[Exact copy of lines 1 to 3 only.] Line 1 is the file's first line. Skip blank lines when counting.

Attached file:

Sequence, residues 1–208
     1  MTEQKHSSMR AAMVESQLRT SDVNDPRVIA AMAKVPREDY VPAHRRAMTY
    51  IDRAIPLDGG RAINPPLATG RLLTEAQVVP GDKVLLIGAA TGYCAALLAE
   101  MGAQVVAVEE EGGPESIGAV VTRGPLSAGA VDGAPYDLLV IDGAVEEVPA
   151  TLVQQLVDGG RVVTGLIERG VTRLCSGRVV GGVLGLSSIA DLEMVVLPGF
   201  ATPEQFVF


Sequence, residues 1–208
     1  MTEQKHSSMR AAMVESQLRT SDVNDPRVIA AMAKVPREDY VPAHRRAMTY
    51  IDRAIPLDGG RAINPPLATG RLLTEAQVVP GDKVLLIGAA TGYCAALLAE